FREDERICK – Archbishop Edwin F. O’Brien encouraged 30 confirmation candidates from St. Katharine Drexel in Frederick to take a stand for their faith during an Oct. 26 Mass.
“You are standing for Jesus Christ,” said Archbishop O’Brien, speaking in front of a large red banner emblazoned with a tongue of fire and a dove symbolic of the descent of the Holy Spirit at Pentecost.
“You are saying he’s made a difference in the world and in your lives,” he said.
The liturgy was a special moment for the growing Frederick County parish. It marked the first confirmation ceremony Archbishop O’Brien has celebrated as archbishop of Baltimore. Later that same day, he confirmed candidates at the Basilica of the National Shrine of the Assumption of the Blessed Virgin Mary in Baltimore.
The sacrament of confirmation is one of the sacraments of initiation administered to those who have been baptized. The church believes that those receiving the sacrament are bound closer to Christ and the church. They also receive special strength from the Holy Spirit to be witnesses of Christ.
Speaking to the Frederick confirmandi, the archbishop said it isn’t easy to embrace the faith.
“Ours is a culture that would rather focus on fitting in with the crowd,” he said. “If you look at the history books, each saint stood for something – often at the cost of their lives. It’s a complete giving of yourself over to Christ.”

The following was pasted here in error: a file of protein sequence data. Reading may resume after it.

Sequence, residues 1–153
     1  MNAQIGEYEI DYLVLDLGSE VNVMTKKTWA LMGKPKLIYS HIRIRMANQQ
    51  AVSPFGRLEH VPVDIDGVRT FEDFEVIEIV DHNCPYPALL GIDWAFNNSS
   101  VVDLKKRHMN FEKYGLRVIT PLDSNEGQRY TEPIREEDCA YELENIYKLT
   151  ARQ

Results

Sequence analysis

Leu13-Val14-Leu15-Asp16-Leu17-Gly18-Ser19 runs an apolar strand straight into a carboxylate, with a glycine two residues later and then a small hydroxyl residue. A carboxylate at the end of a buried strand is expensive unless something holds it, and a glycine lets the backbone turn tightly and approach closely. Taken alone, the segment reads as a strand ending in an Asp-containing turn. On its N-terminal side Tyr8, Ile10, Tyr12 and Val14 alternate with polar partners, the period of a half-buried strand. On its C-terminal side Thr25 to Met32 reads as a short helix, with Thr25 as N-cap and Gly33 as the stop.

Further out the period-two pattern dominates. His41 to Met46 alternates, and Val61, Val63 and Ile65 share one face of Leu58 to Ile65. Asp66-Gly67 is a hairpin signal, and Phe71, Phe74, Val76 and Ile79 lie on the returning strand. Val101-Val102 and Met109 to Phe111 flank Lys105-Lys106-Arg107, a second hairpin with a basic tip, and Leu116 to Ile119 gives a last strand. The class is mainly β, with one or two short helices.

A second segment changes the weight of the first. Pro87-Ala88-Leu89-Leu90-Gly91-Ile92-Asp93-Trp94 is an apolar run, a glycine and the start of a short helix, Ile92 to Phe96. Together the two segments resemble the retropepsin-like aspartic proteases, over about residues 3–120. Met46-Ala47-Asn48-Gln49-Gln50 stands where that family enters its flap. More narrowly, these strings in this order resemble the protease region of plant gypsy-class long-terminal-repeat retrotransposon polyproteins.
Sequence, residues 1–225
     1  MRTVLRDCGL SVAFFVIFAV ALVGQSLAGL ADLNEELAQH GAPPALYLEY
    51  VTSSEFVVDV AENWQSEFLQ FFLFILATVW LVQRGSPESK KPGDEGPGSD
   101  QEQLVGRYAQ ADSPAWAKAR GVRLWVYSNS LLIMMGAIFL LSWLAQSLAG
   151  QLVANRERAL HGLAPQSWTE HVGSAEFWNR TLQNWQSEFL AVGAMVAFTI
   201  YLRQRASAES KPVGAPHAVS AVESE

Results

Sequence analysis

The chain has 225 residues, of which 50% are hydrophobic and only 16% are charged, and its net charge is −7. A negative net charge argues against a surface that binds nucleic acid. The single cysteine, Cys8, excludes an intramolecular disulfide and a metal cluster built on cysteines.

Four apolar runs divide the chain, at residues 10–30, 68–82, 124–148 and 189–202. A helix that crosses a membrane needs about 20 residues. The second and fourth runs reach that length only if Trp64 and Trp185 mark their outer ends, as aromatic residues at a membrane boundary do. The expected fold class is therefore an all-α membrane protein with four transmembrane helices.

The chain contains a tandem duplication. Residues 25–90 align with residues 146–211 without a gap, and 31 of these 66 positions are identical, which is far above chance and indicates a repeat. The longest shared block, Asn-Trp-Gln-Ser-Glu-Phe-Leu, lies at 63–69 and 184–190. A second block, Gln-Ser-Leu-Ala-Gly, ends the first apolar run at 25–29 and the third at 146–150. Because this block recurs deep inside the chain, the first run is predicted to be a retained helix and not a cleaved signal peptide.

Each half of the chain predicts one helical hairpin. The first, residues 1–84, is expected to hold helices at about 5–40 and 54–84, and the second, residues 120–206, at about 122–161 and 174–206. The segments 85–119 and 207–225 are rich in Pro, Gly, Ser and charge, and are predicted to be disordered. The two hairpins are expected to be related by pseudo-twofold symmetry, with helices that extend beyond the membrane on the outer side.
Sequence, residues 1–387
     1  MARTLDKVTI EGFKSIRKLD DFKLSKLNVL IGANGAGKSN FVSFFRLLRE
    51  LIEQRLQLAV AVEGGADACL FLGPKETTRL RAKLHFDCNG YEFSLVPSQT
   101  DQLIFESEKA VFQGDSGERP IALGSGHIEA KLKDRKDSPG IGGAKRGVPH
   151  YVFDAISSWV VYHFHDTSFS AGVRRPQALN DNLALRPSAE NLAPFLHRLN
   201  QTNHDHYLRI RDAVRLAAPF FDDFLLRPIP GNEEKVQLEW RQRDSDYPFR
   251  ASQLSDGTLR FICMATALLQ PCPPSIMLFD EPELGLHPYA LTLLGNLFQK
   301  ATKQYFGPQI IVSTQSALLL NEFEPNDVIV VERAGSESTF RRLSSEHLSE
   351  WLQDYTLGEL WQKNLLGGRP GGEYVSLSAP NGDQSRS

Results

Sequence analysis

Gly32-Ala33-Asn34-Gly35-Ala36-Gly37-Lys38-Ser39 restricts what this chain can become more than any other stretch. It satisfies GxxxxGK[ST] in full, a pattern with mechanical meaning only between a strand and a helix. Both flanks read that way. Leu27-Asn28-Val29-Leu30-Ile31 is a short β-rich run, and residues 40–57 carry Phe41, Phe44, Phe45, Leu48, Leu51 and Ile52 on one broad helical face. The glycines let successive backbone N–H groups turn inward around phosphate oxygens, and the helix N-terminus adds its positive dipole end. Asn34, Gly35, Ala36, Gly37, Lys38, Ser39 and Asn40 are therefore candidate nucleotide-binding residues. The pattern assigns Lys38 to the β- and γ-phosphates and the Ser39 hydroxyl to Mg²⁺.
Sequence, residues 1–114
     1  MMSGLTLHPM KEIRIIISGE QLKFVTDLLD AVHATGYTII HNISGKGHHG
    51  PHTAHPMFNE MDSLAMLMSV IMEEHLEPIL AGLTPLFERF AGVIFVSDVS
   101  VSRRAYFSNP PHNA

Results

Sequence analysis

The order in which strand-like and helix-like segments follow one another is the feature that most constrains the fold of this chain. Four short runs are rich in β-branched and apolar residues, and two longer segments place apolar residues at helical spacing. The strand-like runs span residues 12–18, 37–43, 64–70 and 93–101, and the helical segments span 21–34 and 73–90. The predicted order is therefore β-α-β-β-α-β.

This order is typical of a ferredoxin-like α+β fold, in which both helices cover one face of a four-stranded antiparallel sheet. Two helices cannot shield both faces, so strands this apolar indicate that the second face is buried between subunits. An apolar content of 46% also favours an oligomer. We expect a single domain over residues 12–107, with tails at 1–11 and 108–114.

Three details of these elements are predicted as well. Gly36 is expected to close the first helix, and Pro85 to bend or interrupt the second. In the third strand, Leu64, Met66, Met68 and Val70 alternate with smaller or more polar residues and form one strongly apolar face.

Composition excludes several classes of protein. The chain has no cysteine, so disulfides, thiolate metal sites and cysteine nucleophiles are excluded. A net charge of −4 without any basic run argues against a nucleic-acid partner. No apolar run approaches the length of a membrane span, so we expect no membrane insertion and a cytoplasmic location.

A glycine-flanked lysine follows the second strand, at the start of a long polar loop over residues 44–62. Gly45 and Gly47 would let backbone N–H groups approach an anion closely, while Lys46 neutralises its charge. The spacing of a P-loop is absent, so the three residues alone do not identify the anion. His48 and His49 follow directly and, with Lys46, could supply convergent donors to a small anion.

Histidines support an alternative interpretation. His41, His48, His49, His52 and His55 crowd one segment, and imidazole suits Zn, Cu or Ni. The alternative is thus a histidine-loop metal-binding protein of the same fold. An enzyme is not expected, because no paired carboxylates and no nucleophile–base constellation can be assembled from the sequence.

After lighting baptismal candles, the confirmation candidates stood and renewed their baptismal promises. The archbishop anointed each of them with chrism oil, tracing the sign of the cross on their foreheads and saying, “Be sealed with the gift of the Holy Spirit.”
Richard Davis, a 15-year-old parishioner of St. Katharine Drexel, called it an honor that his parish was selected as the first for the archbishop to celebrate confirmation.
“It’s a big thing for us,” he said.
Richard said he wanted to be confirmed because he “wanted to be a little more involved in the church. He took the confirmation name of St. Martin de Porres, the patron saint of hairdressers and travelers, because his mother is a hairdresser and Richard hopes to travel.
Even though she has nerve damage in her legs, Gail Gaeng, a 15-year-old parishioner of St. Katharine Drexel, also stood before the archbishop, calling it “a little nerve-wracking, but a great blessing.”
Gail took the confirmation name of St. Frances Cabrini, patron saint of the disabled.
“It’s a great feeling knowing I’m finally confirmed,” she said.